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Re: An alternative to site-specific user granted exceptions (Issue-111)

From: イアンフェッティ <ifette@google.com>
Date: Wed, 25 Apr 2012 11:47:09 -0700
Message-ID: <CAF4kx8fdiAk13RR7XmW3zEWe7ya2ODV1J=3t5TKH-OOdKLeTZg@mail.gmail.com>
To: "TOUBIANA, VINCENT (VINCENT)" <Vincent.Toubiana@alcatel-lucent.com>
Cc: Kevin Smith <kevsmith@adobe.com>, "public-tracking@w3.org" <public-tracking@w3.org>
it's likely at least on the order of hundreds, and is often not in the
first party's control. It can change dynamically without the first party
knowing. In short, in many cases, there's no good way for a first party to
be able to enumerate this. The first party may know the next person in the
chain, but the next person in the chain can decide who to redirect to, this
can be any number of people, and then that next person in the chain can
also decide to redirect to any number of people, and all of these are


On Wed, Apr 25, 2012 at 8:01 AM, TOUBIANA, VINCENT (VINCENT) <
Vincent.Toubiana@alcatel-lucent.com> wrote:

> Kevin,
> I thought that it would help to solve the ad chain issue because the 1st
> party does not have to know the chain that would be generated dynamically,
> it could just generate a static list of all the potential third parties
> that could be called.
> Do you have an estimation of how many third parties would have to be
> listed in that case? If its one or two dozens, that could work, if its
> hundreds then it might not make sense.
> Maybe knowing the root of the chain might be enough (that could also work
> for explicit/explicit user granted exceptions).
> Thank you,
> Vincent
> ________________________________________
> From: Kevin Smith [kevsmith@adobe.com]
> Sent: Friday, April 20, 2012 6:03 PM
> To: TOUBIANA, VINCENT (VINCENT); public-tracking@w3.org
> Subject: RE: An alternative to site-specific user granted exceptions
> (Issue-111)
> I like this suggestion.  I have expressed many times that I believe
> passing in 3rd parties into the specific javascript calls will only work in
> the very simplest of cases.  I think this will extend the usefulness of the
> JS API because it is much more scalable to manage your list of 3rd parties
> in a single location than on a per page per JS request basis.  In practice,
> if I were forced to use the JS API as is, I would probably mimic this
> behavior using centralized global JS variables to represent the 3rd party
> groups.  However, this approach would be much cleaner.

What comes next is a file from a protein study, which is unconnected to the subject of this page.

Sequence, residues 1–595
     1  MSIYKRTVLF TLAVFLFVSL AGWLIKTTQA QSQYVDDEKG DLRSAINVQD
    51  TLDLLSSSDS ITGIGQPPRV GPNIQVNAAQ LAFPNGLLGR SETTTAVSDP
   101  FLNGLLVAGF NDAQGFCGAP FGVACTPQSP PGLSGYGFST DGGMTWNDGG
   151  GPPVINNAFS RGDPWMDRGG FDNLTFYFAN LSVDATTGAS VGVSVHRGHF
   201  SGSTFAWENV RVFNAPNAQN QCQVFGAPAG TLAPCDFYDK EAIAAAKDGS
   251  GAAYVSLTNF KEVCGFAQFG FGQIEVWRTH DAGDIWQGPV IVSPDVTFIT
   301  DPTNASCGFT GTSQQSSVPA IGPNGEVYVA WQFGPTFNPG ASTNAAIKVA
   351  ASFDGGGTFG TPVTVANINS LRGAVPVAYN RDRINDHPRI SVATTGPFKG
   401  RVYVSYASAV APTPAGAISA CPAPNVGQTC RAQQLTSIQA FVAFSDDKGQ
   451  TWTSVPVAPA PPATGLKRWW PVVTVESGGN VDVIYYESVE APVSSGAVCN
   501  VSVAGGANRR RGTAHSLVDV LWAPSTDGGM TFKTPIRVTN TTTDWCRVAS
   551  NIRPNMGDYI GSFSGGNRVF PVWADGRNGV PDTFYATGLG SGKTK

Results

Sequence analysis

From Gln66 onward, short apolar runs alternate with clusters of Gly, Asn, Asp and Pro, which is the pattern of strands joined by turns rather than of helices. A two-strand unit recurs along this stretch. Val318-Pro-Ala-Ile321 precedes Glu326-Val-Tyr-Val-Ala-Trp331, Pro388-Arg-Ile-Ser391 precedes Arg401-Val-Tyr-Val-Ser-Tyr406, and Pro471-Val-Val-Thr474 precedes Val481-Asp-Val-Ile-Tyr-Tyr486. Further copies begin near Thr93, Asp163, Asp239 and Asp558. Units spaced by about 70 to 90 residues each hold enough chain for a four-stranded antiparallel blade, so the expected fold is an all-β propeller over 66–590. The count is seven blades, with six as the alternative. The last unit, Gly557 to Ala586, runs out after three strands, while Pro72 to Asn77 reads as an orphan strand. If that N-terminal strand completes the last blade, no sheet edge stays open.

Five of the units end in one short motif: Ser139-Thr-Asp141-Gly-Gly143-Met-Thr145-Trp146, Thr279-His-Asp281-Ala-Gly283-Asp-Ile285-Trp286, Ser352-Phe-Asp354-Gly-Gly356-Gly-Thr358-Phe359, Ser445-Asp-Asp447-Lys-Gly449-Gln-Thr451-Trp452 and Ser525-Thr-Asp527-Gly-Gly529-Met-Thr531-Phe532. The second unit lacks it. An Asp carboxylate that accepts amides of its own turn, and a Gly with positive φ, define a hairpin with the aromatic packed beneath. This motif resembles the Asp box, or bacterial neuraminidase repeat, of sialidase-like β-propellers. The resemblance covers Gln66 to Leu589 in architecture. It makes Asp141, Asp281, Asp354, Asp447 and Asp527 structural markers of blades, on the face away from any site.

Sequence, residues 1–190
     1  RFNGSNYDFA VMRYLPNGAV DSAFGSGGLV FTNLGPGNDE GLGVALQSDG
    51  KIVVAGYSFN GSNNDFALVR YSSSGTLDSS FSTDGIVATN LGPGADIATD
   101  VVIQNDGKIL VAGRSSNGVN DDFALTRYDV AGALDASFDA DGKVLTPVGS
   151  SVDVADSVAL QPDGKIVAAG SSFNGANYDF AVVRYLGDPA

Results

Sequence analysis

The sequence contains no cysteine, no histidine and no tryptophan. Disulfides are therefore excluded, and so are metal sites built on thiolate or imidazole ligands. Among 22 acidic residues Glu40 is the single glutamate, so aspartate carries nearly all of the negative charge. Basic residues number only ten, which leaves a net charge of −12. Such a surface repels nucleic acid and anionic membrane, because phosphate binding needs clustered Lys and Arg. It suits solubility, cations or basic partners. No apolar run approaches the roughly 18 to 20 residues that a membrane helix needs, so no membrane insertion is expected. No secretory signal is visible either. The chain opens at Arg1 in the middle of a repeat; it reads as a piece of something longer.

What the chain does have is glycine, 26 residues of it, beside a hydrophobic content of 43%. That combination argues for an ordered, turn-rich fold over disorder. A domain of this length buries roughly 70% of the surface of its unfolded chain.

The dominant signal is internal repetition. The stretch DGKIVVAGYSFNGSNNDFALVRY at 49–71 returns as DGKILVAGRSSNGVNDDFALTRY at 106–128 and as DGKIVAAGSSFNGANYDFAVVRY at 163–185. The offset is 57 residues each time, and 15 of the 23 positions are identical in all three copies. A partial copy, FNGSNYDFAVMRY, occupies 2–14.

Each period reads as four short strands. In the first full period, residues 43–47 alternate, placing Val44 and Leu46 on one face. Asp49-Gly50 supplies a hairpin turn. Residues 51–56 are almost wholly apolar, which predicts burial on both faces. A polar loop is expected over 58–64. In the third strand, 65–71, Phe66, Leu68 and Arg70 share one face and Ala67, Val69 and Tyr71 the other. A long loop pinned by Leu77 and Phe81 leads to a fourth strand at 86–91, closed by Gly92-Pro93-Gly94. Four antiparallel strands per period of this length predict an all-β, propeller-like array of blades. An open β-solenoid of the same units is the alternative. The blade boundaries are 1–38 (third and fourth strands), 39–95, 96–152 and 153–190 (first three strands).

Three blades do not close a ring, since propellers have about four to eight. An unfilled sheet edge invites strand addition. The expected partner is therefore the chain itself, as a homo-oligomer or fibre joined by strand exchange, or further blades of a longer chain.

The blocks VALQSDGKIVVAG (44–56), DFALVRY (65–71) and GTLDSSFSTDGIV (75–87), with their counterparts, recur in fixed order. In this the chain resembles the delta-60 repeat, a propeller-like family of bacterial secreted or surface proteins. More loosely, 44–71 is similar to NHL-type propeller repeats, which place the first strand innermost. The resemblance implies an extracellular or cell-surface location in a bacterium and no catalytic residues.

> However, I do not understand how it solves the ad chain problem.  If the
> 1st party does not know who is in the ad chain, and the ad chain is
> dynamic, then it cannot put the 3rd parties in this doc any more easily
> than it could put them directly in the JS call.
> -----Original Message-----
> Vincent.Toubiana@alcatel-lucent.com]
> Sent: Tuesday, April 17, 2012 12:04 PM
> To: public-tracking@w3.org
> Subject: An alternative to site-specific user granted exceptions
> (Issue-111)
> I suggest an alternative to site-specific exceptions (Issue-111). Instead
> of providing the list of 3rd parties through the JavaScript API, this list
> could be provided through Tracking Status Representation (available through
> the well-known URI).
> There is already a field to send that list to the UA (See section 5.1.2 in
> TPE document) but it is currently optional. If we replace the MAY by a
> MUST, then users could get the list of third parties present on a site
> before they visit it and then decide if they are ready to grant a site-wide
> exception.
> Pros:
> -       User grant exceptions knowing which third parties could track them
> -       This does not broke the chain in ad-exchanges
> -       Publisher do not have to ask new user granted exceptions when they
> add third parties
> Cons:
> -       Users have to check the well known URI more often
> -       Users can not provide feedback about the third parties present on
> a website (a non granted exception is - in my opinion-- an explicit
> feedback).
> I still prefer the site-specific exception mechanism as it gives users
> more choices, but I believe this solution could be seen as a middle ground.
> Vincent
Received on Wednesday, 25 April 2012 18:47:39 UTC

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